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Old 05-26-2012, 11:42 PM   #16
Naruzuru
 
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Summer sale in a month, just be patient
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Old 05-26-2012, 11:47 PM   #17
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Originally Posted by crunchyfrog555 View Post
No, Steam do not price match. Why? Because they don't own the products they're selling (their own creations excepted, of course).
Funny, Amazon Digital price matches all the time now against other US based distributors, and they certainly do not own the products they are selling. Gamersgate also price matches from time to time.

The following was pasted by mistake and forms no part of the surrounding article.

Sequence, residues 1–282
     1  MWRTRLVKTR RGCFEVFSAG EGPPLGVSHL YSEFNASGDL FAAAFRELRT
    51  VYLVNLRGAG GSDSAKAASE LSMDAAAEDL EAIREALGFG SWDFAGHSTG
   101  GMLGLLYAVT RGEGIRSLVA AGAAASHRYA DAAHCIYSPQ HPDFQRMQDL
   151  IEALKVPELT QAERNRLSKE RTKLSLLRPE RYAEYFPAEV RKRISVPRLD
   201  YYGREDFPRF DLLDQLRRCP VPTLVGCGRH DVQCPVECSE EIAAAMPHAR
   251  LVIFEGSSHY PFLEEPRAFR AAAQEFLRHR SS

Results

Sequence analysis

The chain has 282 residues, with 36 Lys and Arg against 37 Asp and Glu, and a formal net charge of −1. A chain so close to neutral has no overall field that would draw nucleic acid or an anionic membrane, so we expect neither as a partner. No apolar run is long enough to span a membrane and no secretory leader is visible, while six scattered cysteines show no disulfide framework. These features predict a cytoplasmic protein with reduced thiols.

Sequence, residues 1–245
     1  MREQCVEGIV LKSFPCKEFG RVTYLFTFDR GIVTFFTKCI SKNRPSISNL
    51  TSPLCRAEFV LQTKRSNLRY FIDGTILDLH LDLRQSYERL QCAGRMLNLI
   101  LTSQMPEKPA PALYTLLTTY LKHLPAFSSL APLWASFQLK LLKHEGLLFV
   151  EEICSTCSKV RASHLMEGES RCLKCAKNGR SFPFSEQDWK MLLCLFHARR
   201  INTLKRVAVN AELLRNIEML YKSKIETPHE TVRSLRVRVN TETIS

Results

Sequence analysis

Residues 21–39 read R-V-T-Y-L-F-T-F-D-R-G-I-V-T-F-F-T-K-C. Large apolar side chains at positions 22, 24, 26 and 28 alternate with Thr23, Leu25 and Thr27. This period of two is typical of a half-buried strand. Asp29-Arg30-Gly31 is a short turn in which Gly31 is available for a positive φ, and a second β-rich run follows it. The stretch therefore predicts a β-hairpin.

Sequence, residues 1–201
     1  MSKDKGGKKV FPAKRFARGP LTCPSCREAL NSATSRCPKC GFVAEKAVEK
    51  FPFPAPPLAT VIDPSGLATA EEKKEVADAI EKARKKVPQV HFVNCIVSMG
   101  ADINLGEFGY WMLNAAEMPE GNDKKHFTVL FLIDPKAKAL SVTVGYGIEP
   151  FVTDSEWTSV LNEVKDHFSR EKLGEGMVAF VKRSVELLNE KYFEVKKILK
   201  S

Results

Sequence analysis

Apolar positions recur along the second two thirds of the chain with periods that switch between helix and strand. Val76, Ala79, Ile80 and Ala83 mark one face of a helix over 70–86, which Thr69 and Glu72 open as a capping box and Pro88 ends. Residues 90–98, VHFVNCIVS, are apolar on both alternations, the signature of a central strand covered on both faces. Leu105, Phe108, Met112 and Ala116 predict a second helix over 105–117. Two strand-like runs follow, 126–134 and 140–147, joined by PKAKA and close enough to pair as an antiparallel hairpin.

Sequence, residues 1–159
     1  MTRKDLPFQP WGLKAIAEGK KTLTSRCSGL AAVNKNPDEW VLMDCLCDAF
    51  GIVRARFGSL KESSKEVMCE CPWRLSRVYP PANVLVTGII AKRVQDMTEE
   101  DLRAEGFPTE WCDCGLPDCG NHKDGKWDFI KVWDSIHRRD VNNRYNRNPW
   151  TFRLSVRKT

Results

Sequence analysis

Steam likely doesn't price match because nobody cares, and people are willing to pay a premium to continue using this service. Steam has no incentive to price match.

Last edited by chopstix: 05-26-2012 at 11:55 PM.
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Old 05-26-2012, 11:58 PM   #18
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Originally Posted by chopstix View Post
Funny, Amazon Digital price matches all the time now against other US based distributors, and they certainly do not own the products they are selling. Gamersgate also price matches from time to time.
What're you talking about? Amazon's a retailer. They stock up on keys(which are limited until they restock, and can probably be treated the same as physical inventory), price matches and asks customers in a certain forum what they'd like for sale very very frequently.

They most certainly do not operate in the same manner as Steam. If you still disagree, then what do you think Valve meant by this?